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Note: Version 0.89 Released 1 December 2013

MIDIUtil is a pure Python library that allows one to write muti-track Musical Instrument Digital Interface (MIDI) files from within Python programs. It is object-oriented and allows one to create and write these files with a minimum of fuss.

MIDIUtil isn't a full implementation of the MIDI specification. The actual specification is a large, sprawling document which has organically grown over the course of decades. I have selectively implemented some of the more useful and common aspects of the specification. The choices have been somewhat idiosyncratic; I largely implemented what I needed. When I decided that it could be of use to other people I fleshed it out a bit, but there are still things missing. Regardless, the code is fairly easy to understand and well structured. Additions can be made to the library by anyone with a good working knowledge of the MIDI file format and a good, working knowledge of Python. Documentation for extending the library is provided. If you don't have a good understanding of MIDI (and don't want to acquire one), feel free to request an addition.

You can visit the project's website, where on-line documentation (including a class reference and instructions for updating the library at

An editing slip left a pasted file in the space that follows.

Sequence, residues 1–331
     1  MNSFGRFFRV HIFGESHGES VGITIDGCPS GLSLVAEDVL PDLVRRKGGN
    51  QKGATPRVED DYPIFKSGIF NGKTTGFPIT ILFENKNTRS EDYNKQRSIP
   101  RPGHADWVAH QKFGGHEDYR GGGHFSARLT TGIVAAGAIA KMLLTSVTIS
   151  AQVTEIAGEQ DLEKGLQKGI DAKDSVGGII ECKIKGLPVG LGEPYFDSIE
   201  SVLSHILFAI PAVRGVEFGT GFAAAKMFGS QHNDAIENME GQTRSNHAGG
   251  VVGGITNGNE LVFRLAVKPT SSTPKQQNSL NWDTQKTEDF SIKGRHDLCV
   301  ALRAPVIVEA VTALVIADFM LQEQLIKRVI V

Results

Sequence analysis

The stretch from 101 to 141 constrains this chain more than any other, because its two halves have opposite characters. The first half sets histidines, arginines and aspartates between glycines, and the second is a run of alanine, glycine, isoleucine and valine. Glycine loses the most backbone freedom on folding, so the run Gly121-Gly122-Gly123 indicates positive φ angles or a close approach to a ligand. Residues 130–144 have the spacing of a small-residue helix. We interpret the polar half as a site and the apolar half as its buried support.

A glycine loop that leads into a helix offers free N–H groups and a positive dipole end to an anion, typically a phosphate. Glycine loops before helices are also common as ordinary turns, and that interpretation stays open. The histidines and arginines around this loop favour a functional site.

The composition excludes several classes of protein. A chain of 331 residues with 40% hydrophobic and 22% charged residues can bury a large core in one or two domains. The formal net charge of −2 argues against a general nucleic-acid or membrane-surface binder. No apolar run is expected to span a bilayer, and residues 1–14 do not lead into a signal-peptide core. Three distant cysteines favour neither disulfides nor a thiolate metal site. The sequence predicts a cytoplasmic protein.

[Note to Python 3 users: An initial port to Python 3 had been made and committed to the development branch of the code (which is available via svn). The source file is called To use it, change your import statement to read:

from midiutil.MidiFile3 import MIDIFile

This version will also work with Python 2.6.X, but is incompatible with Python 2.5.X. This latest version should correct issues with 3.X, where X > 0.]

Quick Start

Using the software is easy:

  • The package must be imported into your namespace
  • A MIDIFile object is created
  • Events (notes, tempo-changes, etc.) are added to the object
  • The MIDI file is written to disk.

Detailed documentation is provided in the distribution; what follows is a simple example to get you going quickly. In this example we'll create a one track MIDI File, assign a name and tempo to the track, add a one beat middle-C to the track, and write it to disk.

#Import the library

from midiutil.MidiFile import MIDIFile

# Create the MIDIFile Object with 1 track
MyMIDI = MIDIFile(1)

# Tracks are numbered from zero. Times are measured in beats.

track = 0   
time = 0

# Add track name and tempo.
MyMIDI.addTrackName(track,time,"Sample Track")

# Add a note. addNote expects the following information:
track = 0
channel = 0
pitch = 60
time = 0
duration = 1
volume = 100

# Now add the note.

# And write it to disk.
binfile = open("output.mid", 'wb')

There are several additional event types that can be added and there are various options available for creating the MIDIFile object, but the above is sufficient to begin using the library and creating note sequences.

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